-alt-hist my-tumor-sample-alt-depth1.metrics \
    -O my-tumor-sample-artifact-prior.tsv

    call

    3) Run Mutect2 with the argument --orientation-bias-artifact-priors my-tumor-sample-artifact-prior.tsv

    filter

    4) FilterMutectCalls automatically picks up on the relevant VCF annotations emitted by Mutect2 and filters accordingly.

  • shanbioshanbio Member

    @bhanuGandham @Geraldine_VdAuwera

    Congrats to the entire GATK4 team to make it public :)

    Recently I thought of updating to GATK4 and I tried Mutect2

    Below are my observations and questions:

    1.There is no QUAL or Filter information in the VCF file.

    This is explained in one of the thread as GATK gives less weightage for making somatic calls. (Reasonable)

    2.There is no "DP" tag in the FORMAT column where traditionally VCF files from samtools or Freebayes has. However it's present in INFO column which is less used in downstream analysis.

    3.There is a mismatch (huge) in the total read depth of "DP" and AD (Ref+Alt)

    This is also explained in one of the thread, but the difference is significant

    4._ [Both Mutect2 & Haplotype Caller]_ I wonder why the "Case" column-10 comes first followed by the "Control" column-11, whereas all the other variant callers provides control first followed by case column. This is creating a lot of issue in downstream pipeline.

    Example VCF:
    CHROM POS ID REF ALT QUAL FILTER INFO FORMAT pat120_case pat120_control
    chr1 6185847 . C A . . DP=194;ECNT=1;NLOD=25.38;N_ART_LOD=0.375;POP_AF=1.000e-06;REF_BASES=GGCCTCTCTTCAAAGTCCTCA;TLOD=3.04 GT:AD:AF:F1R2:F2R1:MBQ:MFRL:MMQ:MPOS:SA_MAP_AF:SA_POST_PROB 0/1:84,2:0.050:43,1:41,1:39,38:202,284:60:32:0.00,0.020,0.023:0.012,4.088e-03,0.984 0/0:98,1:0.030:48,0:50,1:39,39:204,149:60:6

    5.There are differences in the actual variant allele frequency and the VAF provided by GATK.

    This is also explained in one of the thread, but it's not clear.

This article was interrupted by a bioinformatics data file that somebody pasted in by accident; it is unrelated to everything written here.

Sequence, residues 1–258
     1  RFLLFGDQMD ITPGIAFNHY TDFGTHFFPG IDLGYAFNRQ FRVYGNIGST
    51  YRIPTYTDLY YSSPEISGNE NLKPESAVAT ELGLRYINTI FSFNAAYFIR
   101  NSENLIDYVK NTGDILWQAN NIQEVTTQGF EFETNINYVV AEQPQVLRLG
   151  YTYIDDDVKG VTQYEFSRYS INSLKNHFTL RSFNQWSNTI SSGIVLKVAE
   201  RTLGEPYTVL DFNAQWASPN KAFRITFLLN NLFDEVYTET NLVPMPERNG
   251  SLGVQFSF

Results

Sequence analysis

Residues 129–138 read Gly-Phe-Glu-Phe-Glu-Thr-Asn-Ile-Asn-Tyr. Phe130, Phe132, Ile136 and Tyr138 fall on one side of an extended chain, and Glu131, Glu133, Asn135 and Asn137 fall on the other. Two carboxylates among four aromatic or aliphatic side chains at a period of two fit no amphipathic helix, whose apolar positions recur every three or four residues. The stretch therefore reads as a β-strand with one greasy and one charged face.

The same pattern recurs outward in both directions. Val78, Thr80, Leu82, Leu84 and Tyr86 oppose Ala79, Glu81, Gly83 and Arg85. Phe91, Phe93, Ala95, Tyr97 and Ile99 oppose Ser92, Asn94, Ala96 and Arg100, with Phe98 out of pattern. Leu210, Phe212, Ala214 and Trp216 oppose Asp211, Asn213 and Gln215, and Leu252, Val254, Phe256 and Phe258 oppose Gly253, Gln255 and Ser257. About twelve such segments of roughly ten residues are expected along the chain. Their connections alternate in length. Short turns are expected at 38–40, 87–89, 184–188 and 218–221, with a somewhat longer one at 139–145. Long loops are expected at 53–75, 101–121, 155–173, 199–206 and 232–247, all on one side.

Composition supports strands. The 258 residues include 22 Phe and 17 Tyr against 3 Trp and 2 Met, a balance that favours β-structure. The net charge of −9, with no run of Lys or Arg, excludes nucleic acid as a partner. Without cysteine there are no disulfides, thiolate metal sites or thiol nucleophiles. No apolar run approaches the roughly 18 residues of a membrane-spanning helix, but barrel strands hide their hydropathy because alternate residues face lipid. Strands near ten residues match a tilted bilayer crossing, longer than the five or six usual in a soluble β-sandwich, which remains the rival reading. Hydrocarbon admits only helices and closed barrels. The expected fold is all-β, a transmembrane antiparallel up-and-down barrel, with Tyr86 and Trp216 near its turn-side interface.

Please provide a solution to above queries.

    Command Used:

    GATKCommandLine=<ID=Mutect2,CommandLine="Mutect2 --tumor-sample pat120_case --normal-sample pat120_control --output pat120_somatic_gatk.vcf --intervals TruSeq_exome_targeted_regions.hg19.bed --input pat120_control.bam --input pat120_case.bam --reference hs37d5.fa --genotype-pon-sites false --genotype-germline-sites false --af-of-alleles-not-in-resource -1.0 --tumor-lod-to-emit 3.0 --initial-tumor-lod 2.0 --initial-pcr-qual 40 --max-population-af 0.01 --downsampling-stride 1 --max-suspicious-reads-per-alignment-start 0 --normal-lod 2.2 --max-mnp-distance 1 --ignore-itr-artifacts false --dont-trim-active-regions false --max-disc-ar-extension 25 --max-gga-ar-extension 300 --padding-around-indels 150 --padding-around-snps 20 --kmer-size 10 --kmer-size 25 --dont-increase-kmer-sizes-for-cycles false --allow-non-unique-kmers-in-ref false --num-pruning-samples 1 --recover-dangling-heads false --do-not-recover-dangling-branches false --min-dangling-branch-length 4 --consensus false --max-num-haplotypes-in-population 128 --error-correct-kmers false --min-pruning 2 --debug-graph-transformations false --kmer-length-for-read-error-correction 25 --min-observations-for-kmer-to-be-solid 20 --likelihood-calculation-engine PairHMM --base-quality-score-threshold 18 --pair-hmm-gap-continuation-penalty 10 --pair-hmm-implementation FASTEST_AVAILABLE --pcr-indel-model CONSERVATIVE --phred-scaled-global-read-mismapping-rate 45 --native-pair-hmm-threads 4 --native-pair-hmm-use-double-precision false --debug false --use-filtered-reads-for-annotations false --bam-writer-type CALLED_HAPLOTYPES --dont-use-soft-clipped-bases false --capture-assembly-failure-bam false --error-correct-reads false --do-not-run-physical-phasing false --min-base-quality-score 10 --smith-waterman JAVA --use-new-qual-calculator false --annotate-with-num-discovered-alleles false --heterozygosity 0.001 --indel-heterozygosity 1.25E-4 --heterozygosity-stdev 0.01 --standard-min-confidence-threshold-for-calling 10.0 --max-alternate-alleles 6 --max-genotype-count 1024 --sample-ploidy 2 --num-reference-samples-if-no-call 0 --genotyping-mode DISCOVERY --genotype-filtered-alleles false --contamination-fraction-to-filter 0.0 --output-mode EMIT_VARIANTS_ONLY --all-site-pls false --min-assembly-region-size 50 --max-assembly-region-size 300 --assembly-region-padding 100 --max-reads-per-alignment-start 50 --active-probability-threshold 0.002 --max-prob-propagation-distance 50 --interval-set-rule UNION --interval-padding 0 --interval-exclusion-padding 0 --interval-merging-rule ALL --read-validation-stringency SILENT --seconds-between-progress-updates 10.0 --disable-sequence-dictionary-validation false --create-output-bam-index true --create-output-bam-md5 false --create-output-variant-index true --create-output-variant-md5 false --lenient false --add-output-sam-program-record true --add-output-vcf-command-line true --cloud-prefetch-buffer 40 --cloud-index-prefetch-buffer -1 --disable-bam-index-caching false --sites-only-vcf-output false --help false --version false --showHidden false --verbosity INFO --QUIET false --use-jdk-deflater false --use-jdk-inflater false --gcs-max-retries 20 --disable-tool-default-read-filters false --minimum-mapping-quality 20 --max-read-length 2147483647 --min-read-length 30 --disable-tool-default-annotations false --enable-all-annotations false",Version=4.0.8.1,Date="December 12, 2018 8:00:55 AM UTC">